If you’re using a lure that has its own action, you’ll want your leader length to be around 22-24 inches long. Having it a bit longer will make sure your dodger doesn’t interfere with your lure’s action. It’s already designed to have good movement through the water so you really don’t want to mess with that.

Setting Up Your Kokanee Dodger

Now that you have everything you need to get started, we’ll put everything together and set up our rig. I’m going to be talking about what line you should be using if you need any weight, and a few other things you might find helpful.

Let’s start with what fishing line you should use. I almost always use a 20 lb braided line on all my rods (with a fluoro or mono leader). You don’t have to if you don’t want, but I feel like it performs the best for me. I like using braid because it’s thinner than mono or fluoro of the same strength and it’s much more sensitive for feeling the bites.

If you’re going to be using weight, you’ll want to put a sliding weight clip on your braided line and then attach a swivel. The weight will help you get deep (without a downrigger) and the swivel will prevent your line from twisting. I like using the Uni knot to attach line to my swivel.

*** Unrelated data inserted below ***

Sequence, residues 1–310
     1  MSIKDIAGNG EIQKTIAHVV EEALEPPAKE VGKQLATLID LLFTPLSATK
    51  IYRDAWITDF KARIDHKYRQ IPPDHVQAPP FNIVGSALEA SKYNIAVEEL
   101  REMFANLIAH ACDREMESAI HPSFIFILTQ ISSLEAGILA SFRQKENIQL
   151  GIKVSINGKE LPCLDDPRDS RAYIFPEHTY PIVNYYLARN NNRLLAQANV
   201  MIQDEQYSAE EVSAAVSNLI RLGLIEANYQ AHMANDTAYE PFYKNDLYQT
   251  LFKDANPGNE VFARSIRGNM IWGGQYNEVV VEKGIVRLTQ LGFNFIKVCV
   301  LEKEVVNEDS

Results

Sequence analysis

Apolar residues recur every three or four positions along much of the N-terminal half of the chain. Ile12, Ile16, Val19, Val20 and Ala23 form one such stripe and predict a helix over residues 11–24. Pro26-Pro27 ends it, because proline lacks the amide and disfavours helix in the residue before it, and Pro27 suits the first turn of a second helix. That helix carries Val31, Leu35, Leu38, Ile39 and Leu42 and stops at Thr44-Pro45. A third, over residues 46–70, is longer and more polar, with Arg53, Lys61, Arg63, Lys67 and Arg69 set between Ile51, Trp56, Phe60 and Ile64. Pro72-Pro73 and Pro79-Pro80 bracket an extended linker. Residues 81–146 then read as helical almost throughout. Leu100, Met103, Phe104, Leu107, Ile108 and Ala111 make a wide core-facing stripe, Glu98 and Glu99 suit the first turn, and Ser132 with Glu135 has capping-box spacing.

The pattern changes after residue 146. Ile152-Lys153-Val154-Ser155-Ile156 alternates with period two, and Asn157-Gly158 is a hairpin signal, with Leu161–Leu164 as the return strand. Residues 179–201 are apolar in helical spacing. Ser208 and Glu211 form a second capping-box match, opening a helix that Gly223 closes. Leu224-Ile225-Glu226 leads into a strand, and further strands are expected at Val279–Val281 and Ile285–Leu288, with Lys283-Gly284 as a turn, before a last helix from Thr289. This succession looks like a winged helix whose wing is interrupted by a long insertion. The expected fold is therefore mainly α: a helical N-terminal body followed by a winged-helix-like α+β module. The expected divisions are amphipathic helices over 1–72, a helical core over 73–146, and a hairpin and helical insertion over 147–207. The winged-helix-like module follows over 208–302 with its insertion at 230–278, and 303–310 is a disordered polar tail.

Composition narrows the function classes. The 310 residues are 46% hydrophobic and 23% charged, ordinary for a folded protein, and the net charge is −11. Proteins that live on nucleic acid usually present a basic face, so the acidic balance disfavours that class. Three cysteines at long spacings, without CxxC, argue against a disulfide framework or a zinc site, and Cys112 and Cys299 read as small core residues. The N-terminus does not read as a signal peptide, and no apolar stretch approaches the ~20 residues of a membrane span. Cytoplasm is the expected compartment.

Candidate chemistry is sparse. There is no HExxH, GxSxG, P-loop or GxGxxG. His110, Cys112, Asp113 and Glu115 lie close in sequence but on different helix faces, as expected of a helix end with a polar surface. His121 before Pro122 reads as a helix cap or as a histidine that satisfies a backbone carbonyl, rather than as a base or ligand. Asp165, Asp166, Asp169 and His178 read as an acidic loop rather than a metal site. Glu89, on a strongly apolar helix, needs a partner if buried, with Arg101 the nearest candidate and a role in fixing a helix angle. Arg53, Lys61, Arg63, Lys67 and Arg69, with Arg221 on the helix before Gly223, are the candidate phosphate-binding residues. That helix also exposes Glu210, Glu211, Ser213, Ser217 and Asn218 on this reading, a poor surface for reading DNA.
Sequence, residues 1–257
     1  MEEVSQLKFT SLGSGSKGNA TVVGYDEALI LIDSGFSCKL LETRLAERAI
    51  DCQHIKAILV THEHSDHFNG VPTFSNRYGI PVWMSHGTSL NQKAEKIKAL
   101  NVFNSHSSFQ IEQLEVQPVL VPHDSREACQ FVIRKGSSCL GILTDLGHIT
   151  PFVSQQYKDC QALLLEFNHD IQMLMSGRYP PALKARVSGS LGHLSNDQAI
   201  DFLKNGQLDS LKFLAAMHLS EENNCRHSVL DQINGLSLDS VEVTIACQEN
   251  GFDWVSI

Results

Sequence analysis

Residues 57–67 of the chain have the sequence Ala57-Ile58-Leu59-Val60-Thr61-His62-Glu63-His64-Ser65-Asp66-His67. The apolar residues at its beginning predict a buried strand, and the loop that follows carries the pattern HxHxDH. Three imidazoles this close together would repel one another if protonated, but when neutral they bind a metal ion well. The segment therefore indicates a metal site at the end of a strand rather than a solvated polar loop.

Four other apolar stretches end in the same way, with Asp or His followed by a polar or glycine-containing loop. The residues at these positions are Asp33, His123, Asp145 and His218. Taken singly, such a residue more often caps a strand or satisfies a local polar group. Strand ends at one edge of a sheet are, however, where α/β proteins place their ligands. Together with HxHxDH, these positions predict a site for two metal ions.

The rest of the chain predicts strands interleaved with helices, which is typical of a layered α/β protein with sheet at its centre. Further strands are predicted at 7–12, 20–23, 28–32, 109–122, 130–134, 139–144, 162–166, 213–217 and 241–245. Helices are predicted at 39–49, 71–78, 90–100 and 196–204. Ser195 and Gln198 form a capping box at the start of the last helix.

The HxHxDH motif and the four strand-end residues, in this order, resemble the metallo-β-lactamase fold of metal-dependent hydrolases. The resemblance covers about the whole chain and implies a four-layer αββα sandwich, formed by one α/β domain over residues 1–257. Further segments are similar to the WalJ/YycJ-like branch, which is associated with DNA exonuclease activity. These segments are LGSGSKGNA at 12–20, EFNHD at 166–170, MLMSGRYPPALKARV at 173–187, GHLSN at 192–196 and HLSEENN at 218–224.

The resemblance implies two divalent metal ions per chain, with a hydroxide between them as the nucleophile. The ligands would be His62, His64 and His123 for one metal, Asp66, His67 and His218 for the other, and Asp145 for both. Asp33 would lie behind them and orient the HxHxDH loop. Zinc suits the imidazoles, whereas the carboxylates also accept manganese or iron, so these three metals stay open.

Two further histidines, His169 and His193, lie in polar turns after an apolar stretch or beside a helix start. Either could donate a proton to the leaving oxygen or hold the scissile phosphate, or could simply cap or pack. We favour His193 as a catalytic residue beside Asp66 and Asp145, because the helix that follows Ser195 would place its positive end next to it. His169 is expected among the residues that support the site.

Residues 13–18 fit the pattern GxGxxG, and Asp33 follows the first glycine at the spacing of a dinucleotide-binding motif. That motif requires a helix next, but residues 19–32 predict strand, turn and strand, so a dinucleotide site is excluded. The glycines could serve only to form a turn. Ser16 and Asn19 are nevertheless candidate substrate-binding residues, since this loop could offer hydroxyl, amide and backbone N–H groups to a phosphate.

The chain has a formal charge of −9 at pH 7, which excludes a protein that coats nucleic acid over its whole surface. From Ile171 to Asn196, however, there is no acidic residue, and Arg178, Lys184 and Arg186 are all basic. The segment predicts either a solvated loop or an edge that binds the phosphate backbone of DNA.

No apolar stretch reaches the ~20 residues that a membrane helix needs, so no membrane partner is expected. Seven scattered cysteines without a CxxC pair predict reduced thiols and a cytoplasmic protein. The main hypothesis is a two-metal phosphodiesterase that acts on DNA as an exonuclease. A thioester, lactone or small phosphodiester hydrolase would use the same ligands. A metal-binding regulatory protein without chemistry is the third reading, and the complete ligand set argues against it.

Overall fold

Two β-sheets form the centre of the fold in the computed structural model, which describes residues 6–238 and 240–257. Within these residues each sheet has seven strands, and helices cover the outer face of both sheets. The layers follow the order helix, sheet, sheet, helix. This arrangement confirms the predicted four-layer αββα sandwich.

The next thing you’ll have to do is attach some fishing line to the other end of your swivel and then tie on your dodger. I like using a heavier fluoro or mono (12 lbs or so) and I like to have the length of the line around 3 feet. I use the heavier line so I don’t lose my dodger if I get snagged and I like it being 3 feet long because it’ll allow the dodger to swing freely.

The final thing you’ll have to do is attach your leader and lure. I’ll generally use an 8 lb monofilament for my leader and the length will all depend on what lure you’re using (see the section above). I like using the Surgeon’s knot to attach my leader.

Once you have everything tied on, you’re ready to get out on the water and start catching some fish. You can learn how to troll for kokanee without downriggers here.

Jon Webber

I'm by no means an outdoors or fishing expert, but it's something I've been interested in for over 20 years. I created this site to test out different gear and techniques to see what actually works.